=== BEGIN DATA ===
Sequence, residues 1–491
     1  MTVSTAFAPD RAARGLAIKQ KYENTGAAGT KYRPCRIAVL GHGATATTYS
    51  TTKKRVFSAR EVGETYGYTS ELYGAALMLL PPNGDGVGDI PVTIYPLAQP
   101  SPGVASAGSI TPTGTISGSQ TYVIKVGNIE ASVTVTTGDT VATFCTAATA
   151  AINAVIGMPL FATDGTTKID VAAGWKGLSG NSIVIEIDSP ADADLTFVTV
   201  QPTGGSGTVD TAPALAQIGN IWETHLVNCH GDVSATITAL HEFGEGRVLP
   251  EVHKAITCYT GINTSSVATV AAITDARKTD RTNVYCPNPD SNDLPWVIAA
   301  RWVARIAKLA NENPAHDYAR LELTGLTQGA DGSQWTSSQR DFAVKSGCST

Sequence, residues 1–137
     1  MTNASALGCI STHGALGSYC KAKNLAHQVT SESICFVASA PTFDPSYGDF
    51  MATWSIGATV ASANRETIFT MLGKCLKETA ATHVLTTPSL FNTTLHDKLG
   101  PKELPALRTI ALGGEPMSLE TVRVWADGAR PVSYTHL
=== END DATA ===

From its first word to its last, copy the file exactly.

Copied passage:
Sequence, residues 1–491
     1  MTVSTAFAPD RAARGLAIKQ KYENTGAAGT KYRPCRIAVL GHGATATTYS
    51  TTKKRVFSAR EVGETYGYTS ELYGAALMLL PPNGDGVGDI PVTIYPLAQP
   101  SPGVASAGSI TPTGTISGSQ TYVIKVGNIE ASVTVTTGDT VATFCTAATA
   151  AINAVIGMPL FATDGTTKID VAAGWKGLSG NSIVIEIDSP ADADLTFVTV
   201  QPTGGSGTVD TAPALAQIGN IWETHLVNCH GDVSATITAL HEFGEGRVLP
   251  EVHKAITCYT GINTSSVATV AAITDARKTD RTNVYCPNPD SNDLPWVIAA
   301  RWVARIAKLA NENPAHDYAR LELTGLTQGA DGSQWTSSQR DFAVKSGCST

Sequence, residues 1–137
     1  MTNASALGCI STHGALGSYC KAKNLAHQVT SESICFVASA PTFDPSYGDF
    51  MATWSIGATV ASANRETIFT MLGKCLKETA ATHVLTTPSL FNTTLHDKLG
   101  PKELPALRTI ALGGEPMSLE TVRVWADGAR PVSYTHL